By the time I was done, my headache was out of control and I struggled to lay back down as my neck and back were frozen completely. I instantly told Brett to tell people not to come to the hospital. As much as I looked forward to visitors and "showing off" our son, if you will, I wanted to crawl in a dark, dark hole and go into a coma. We decided our immediate families could still visit (they weren't there to see me anyway haha,) but the rule was they had to be super quiet as I laid in bed completely flat with towels over my face to block the light. When my IV was finished, I needed to eat lunch, but was told I wasn't allowed to eat lunch until I finished my Mountain Dew. Again, loving these doctors orders! ha But they were very serious that the caffeine would help take the edge off of my headache. Whatever ya say, Doc!
The rest of the day, I rested as much as I could in between feeding Levi. I was so sad because I had to use all my strength and energy in holding him and learning to nurse him. I couldn't even turn my head down to look at him while he was eating because my neck wouldn't allow me to. As soon as I was done burping him I would hand him to Brett or a nurse and lay back down and beg God to take this pain away. At the end of the day, however, the anesthesiologist from earlier in the day (not the one who performed my epidural) came in to talk to me and brought me surprising news. She told me, after talking to the anesthesiologist who gave me my epidural, they came to the conclusion that there's no way this could actually be a spinal headache. She explained that when he gave me another dose of medicine shortly before I started pushing, if in fact my blood hadn't clotted properly, the medication would have numbed the top half of my body and not the bottom half. Therefore, my blood was clotted like it should have been and they believed the pain I felt was nothing but strain from pushing. It was hard to believe, but I was too exhausted to argue it and I thought for sure that if she was in fact telling the truth, by morning I would likely begin to feel relief. So I went to sleep that night filled with hope for the morning! (Sidenote: it was nearly impossible to fall asleep that night after all that caffeine I took in that day...I haven't consumed that much caffeine since I was in high school!)
The next morning came way too soon and sure enough, my headache and neck and back pain were in full force. I tried taking a shower, and I remember standing there, holding onto the rails. Every drop of water hitting the shower floor sounded like thunder in my head. I thought for sure the hot water against my back would ease the pain, but the water kept hitting the back of my head causing even more pain. At one point it felt like someone was literally taking a hammer and pounding it against my skull. Every noise felt incredibly loud and close yet fuzzy at the same time. I knew the afternoon was approaching quickly and we would be sent home. I made my pain clear to my nurses, but they were told it was muscle strain and encouraged me to hang in there for a few days until it subsided. I wanted to go home but I was scared all at the same time. I remember about an hour before we left, Brett was packing up our stuff and I just sat in a chair, using all my might to hold Levi, and I just sobbed because of the pain. As our nurse wheeled me out to our car, I told her I was still hurting and she just explained how sorry she was and told me to hang in there. We all believed the anesthesiologist's conclusion. How naive of us.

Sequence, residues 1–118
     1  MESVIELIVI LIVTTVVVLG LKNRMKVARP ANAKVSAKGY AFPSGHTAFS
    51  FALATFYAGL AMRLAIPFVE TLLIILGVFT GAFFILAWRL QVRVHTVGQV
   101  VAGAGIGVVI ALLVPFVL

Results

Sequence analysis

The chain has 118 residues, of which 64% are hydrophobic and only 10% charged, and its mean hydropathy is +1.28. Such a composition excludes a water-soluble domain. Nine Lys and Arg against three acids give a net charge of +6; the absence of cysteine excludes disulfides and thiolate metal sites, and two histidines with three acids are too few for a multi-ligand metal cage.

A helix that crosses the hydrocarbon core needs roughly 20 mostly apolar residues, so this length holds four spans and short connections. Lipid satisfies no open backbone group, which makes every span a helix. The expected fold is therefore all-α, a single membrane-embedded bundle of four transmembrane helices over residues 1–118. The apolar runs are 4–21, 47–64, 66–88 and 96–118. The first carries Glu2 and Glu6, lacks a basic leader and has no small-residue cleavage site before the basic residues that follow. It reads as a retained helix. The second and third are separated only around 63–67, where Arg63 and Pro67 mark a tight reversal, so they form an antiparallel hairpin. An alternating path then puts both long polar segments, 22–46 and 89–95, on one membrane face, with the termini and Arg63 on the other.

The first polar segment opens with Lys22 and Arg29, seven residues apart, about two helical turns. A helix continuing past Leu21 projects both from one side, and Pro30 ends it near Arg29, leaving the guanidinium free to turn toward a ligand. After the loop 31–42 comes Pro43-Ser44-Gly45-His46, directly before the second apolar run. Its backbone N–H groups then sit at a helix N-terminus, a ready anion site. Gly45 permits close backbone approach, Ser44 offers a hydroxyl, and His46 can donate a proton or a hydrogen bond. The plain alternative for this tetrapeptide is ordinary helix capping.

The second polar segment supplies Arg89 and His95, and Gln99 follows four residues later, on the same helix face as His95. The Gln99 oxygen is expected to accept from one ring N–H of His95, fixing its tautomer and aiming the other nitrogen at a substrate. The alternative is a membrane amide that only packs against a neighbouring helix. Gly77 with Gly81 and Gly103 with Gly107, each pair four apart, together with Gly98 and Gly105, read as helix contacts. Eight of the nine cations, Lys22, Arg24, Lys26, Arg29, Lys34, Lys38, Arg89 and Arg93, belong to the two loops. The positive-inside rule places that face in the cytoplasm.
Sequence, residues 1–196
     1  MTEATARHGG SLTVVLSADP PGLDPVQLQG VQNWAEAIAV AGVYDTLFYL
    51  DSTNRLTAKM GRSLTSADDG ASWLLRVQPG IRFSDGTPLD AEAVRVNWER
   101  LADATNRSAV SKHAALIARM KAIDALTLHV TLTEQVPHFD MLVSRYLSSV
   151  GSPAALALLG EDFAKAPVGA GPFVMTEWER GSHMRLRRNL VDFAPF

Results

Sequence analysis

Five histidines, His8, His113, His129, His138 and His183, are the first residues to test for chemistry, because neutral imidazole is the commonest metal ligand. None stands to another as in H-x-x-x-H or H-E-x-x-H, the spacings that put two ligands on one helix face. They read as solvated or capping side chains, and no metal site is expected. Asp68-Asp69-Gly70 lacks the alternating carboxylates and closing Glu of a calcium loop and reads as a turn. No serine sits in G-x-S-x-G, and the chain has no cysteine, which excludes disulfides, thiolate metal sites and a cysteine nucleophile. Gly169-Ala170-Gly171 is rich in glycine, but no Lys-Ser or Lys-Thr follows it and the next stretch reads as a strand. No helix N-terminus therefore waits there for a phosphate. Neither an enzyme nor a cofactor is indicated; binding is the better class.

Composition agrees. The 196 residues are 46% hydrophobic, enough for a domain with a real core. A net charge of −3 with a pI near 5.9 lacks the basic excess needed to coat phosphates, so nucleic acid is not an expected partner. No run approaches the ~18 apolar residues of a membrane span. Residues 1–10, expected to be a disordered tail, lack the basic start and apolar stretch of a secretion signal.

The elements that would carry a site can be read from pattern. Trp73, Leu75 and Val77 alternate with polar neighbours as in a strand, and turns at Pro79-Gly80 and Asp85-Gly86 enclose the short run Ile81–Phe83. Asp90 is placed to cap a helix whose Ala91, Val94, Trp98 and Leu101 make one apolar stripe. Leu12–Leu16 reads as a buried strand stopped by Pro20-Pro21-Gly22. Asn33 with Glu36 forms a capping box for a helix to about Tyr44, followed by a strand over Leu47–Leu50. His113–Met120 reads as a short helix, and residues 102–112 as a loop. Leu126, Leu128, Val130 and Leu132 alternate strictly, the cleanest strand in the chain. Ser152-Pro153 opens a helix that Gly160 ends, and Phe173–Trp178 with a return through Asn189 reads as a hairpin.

|This was actually a time when I felt good enough to get out of bed for a while.|
The next few days were nothing but a blur. I spent 99% of that time in bed with a heating pad on my neck and a cold washcloth on my forehead. My mom practically moved in and she and Brett took care of Levi until it was time for me to feed him. When he was hungry, they would bring him in and help sit me up in bed. I propped up pillows all around me so that I only had to use very little strength to keep Levi propped as I nursed. When he was done, one of them would take Levi to burp him and change him, and the other would usually help me up to use the restroom then back to bed again. The whole process would take a little more than an hour, then I'd rest until it was time to start all over again.
During this time, so much was on my heart. I prayed so much that I would get better. I
|Napping with Sophie and Levi|
Monday morning I woke up feeling different. Not good different. Bad different. I remember my sister stopping over to help for the morning. I was just getting ready to feed Levi when I began to feel nauseous from the pain. I had had enough. We called my doctor and begged to be seen as soon as possible. Within no time, I was leaving my baby for the first time as Brett took me in
|Pic my mom and sis sent while we were at the docs!|
By 2:00pm we were at the hospital. Of course I still had to go through the basic check in procedures before I could see a doctor. The receptionist quickly learned to just ask Brett for all my information as I had my head laid on the desk with my hands over my sunglasses yet again. The light hitting my eyes felt like laser beams burning my eyes. So stinkin' painful. Before I knew it we were back in our room. The nurses turned off all the lights, laid me down and covered me in blankets. One even went and got me another Mountain Dew to drink while I waited. They were so accommodating. Of course there was a delay in getting the anesthesiologist there, but once he came, the procedure only took about 15 minutes. Within an hour, I could open my eyes again. Within 24 hours the weed whacker noise began to fade. By hour 36 I was able to pick up Levi and look down at him as I nursed. I was healed! You better believe that for the next week, I volunteered to change almost every diaper because I was so excited to finally be able to! I cuddled him so much and just cried as I praised God for healing me. I was finally able to do all the things moms get to do!
Once my headache was relieved, I felt brand new. Of course, since the most obvious pain had finally disappeared, I realized I still had a ways to go to be completely 100%. I had a 3rd degree episiotomy that needed time to heal. My back hurt from the blood patch procedure. I dealt with engorgement and constipation. As if that wasn't enough, I also wound up with a bladder infection that gave me 102 degree fever. My headache was gone, but the battle had just begun.
All that being said, every day I would feel a little better. There were little victories popping up all over the place. If you would have asked me two days after my blood patch, I would have told you I felt amazing. Of course, a few days later, I felt even more amazing. Every passing day would become sweeter and sweeter. No amount of pain or sleep deprivation would rob me of my joy. I was a mom. One of the highest callings was granted to me, and I was humbled and flattered and grateful beyond belief. We didn't deserve such a sweet baby. All the glory goes to God, who fought my battle for me and declared victory. Every day I just pray that God smiles and receives glory as he watches me be a mom. Praise to You, Jesus!